211. Corynebacterium Bone and Joint Infection (BJI): A Retrospective Cohort Study in a Reference Center for BJI Management
Session: Poster Abstract Session: Clinical: Bone and Joint Infection
Thursday, October 5, 2017
Room: Poster Hall CD


 Corynebacterium is a rare etiologic agent of BJI. We aimed to describe this rare clinical condition and to assess treatment failure determinants.


All adult patients with proven Corynebacterium BJI (i.e. consistent clinical/radiological signs, AND ≥2 reliable positive bacteriological samples, AND treated as such) were included in a retrospective cohort study. After cohort description, determinants of treatment failure (i.e, infection persistence, relapse, requirement of additional surgical procedure, and BJI-related death) were determined using stepwise logistic regression and Kaplan Meier curve analysis.


The 51 included BJI were more frequently chronic (88.2%), orthopaedic device-related (ODI, 74.5%) and polymicrobial (78.4%). Surgery was performed in 92.2% of cases, and considered as appropriate in 76.5% of them. The main first-line antimicrobials were glycopeptides (68.6%), betalactams (50%) and/or clindamycin (10.0%). Three (5.9%) patients received daptomycin as part of first-line regimen, and 8 (15.7%) at any point of treatment. After a follow-up of 60.7 (IQR, 30.1-115.1) weeks, 20 (39.2%) treatment failures were observed, including 4 (20%) Corynebacterium-documented relapse. Independent risk factors were initial biological inflammatory syndrome (OR 16.1; p=0,030) and inappropriate surgical management (OR 7.481; p=0.036). Interestingly, all patients receiving daptomycin as part of first-line regimen failed (p<0.001), including one patient with a Corynebacterium-documented relapse with a daptomycin increased MIC. Among patients with ODI, survival curve analysis disclosed a worst prognosis in case of prosthetic joint infection (p=0.030), unappropriate surgical management (p=0.029) and daptomycin use as first-line regimen (p<0.001).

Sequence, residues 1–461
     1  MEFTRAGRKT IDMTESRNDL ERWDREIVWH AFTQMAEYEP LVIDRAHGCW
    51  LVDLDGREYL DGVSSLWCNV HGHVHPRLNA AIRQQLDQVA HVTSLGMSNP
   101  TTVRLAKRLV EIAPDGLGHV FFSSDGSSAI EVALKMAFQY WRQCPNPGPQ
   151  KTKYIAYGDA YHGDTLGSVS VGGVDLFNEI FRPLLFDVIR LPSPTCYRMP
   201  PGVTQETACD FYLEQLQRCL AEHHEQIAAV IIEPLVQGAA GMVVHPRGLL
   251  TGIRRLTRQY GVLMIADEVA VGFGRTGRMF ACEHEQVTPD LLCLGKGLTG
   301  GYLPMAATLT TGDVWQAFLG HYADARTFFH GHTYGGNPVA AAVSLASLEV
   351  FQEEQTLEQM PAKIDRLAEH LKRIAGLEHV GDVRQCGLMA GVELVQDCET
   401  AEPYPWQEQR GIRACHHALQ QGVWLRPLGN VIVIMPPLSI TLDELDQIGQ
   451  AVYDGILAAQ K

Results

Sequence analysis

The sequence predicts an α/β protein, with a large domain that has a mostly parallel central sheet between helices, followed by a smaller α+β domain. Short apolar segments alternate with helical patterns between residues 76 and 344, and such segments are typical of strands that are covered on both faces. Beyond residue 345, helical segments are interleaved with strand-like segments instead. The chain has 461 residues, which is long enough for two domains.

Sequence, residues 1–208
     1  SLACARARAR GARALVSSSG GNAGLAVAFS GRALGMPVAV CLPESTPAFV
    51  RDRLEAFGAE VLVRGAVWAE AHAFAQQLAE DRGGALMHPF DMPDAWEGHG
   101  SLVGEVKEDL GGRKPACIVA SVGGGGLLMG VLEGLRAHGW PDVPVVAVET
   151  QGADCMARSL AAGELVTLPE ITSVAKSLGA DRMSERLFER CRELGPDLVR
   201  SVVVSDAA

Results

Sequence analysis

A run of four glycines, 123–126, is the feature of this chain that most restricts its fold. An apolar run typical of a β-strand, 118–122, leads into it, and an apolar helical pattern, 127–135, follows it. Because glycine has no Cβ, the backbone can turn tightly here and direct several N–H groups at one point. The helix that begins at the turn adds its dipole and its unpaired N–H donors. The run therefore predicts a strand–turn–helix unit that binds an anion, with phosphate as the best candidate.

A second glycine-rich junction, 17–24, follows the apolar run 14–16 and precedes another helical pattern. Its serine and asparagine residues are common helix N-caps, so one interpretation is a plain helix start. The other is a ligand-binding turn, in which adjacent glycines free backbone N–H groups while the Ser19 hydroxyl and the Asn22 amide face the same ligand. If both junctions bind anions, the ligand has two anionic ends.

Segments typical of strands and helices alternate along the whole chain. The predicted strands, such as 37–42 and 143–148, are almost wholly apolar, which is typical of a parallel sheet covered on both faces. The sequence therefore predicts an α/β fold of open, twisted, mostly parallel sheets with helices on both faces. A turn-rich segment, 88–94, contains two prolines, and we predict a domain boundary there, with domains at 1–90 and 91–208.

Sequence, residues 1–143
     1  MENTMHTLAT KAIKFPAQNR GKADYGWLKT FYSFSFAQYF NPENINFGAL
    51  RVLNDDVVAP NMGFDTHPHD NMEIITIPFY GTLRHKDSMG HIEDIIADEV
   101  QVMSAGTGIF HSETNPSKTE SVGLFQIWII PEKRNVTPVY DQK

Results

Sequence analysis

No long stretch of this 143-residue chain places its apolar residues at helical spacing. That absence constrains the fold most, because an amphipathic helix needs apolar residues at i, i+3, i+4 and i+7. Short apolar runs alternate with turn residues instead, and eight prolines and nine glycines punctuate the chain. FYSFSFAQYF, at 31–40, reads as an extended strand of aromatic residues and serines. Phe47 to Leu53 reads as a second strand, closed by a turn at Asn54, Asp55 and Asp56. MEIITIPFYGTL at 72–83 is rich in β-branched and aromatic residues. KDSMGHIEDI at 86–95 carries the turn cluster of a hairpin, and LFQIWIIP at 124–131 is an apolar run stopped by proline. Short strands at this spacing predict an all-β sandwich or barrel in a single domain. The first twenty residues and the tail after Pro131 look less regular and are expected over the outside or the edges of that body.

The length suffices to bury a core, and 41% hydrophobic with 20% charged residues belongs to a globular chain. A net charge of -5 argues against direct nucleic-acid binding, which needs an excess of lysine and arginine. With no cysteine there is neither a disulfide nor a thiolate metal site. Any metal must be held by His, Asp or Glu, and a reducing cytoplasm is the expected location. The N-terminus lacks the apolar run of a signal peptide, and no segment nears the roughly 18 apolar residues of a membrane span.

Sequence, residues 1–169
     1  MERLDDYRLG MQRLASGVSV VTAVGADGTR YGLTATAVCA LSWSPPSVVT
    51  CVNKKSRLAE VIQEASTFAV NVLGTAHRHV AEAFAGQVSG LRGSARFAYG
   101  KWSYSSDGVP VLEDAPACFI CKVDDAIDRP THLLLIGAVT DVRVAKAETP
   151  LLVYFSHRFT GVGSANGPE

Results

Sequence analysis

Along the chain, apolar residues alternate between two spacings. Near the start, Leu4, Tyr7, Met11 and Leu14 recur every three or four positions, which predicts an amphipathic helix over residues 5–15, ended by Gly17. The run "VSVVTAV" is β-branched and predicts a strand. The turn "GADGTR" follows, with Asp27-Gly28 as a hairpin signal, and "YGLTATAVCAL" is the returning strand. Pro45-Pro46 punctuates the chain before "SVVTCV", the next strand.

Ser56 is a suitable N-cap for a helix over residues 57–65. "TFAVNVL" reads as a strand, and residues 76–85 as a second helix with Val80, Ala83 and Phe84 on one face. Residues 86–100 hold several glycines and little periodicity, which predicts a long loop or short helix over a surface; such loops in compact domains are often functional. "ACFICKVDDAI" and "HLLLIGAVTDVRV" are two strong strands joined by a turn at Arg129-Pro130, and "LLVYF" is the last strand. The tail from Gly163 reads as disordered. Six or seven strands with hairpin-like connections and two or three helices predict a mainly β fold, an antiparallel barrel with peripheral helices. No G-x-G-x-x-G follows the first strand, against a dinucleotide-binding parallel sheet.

Corynebacterium BJI is a poorly known condition, frequently chronic and polymicrobial. An important rate of failure was observed, associated with inappropriate surgical management and daptomycin use as part of first-line regimen. As described for other clinical conditions such as infective endocarditis, daptomycin should be avoid or used in combination therapy to prevent resistance selection and treatment failure.



Tristan Ferry, MD, PhD1, Pierre Chauvelot, Resident2, Claire Triffault-Fillit, MD3, Evelyne Braun, MD3, Thomas Perpoint, MD4, Frederic Laurent, DPharm, PhD5, Michel-Henri Fessy, MD, PhD6, Sébastien Lustig, MD, PhD7, Christian Chidiac, MD, PhD3, Florent Valour, MD, PhD3 and Lyon BJI Study group, (1)Inserm 1111, UCBL1, Hospices Civils de Lyon, Lyon, France, (2)Hospices Civils de Lyon - Hôpital de la Croix-Rousse, Lyon, France, (3)ID Department, Regional Reference Center for Bji, Hospices Civils de Lyon, Lyon, France, (4)Hospices Civils de Lyon, Lyon, France, (5)Laboratory of Bacteriology, Regional Reference Center for Bji, Hospices Civils de Lyon, Lyon, France, (6)Hospices Civils de Lyon - Centre Hospitalier Lyon Sud, Pierre-Benite, France, (7)Orthopaedic Surgery, Regional Reference Center for Bji, Hospices Civils de Lyon, Lyon, France


T. Ferry, HERAEUS: Consultant , Speaker honorarium

P. Chauvelot, None

C. Triffault-Fillit, None

E. Braun, None

T. Perpoint, None

F. Laurent, None

M. H. Fessy, None

S. Lustig, Heraeus: Consultant , Consulting fee

C. Chidiac, None

F. Valour, None

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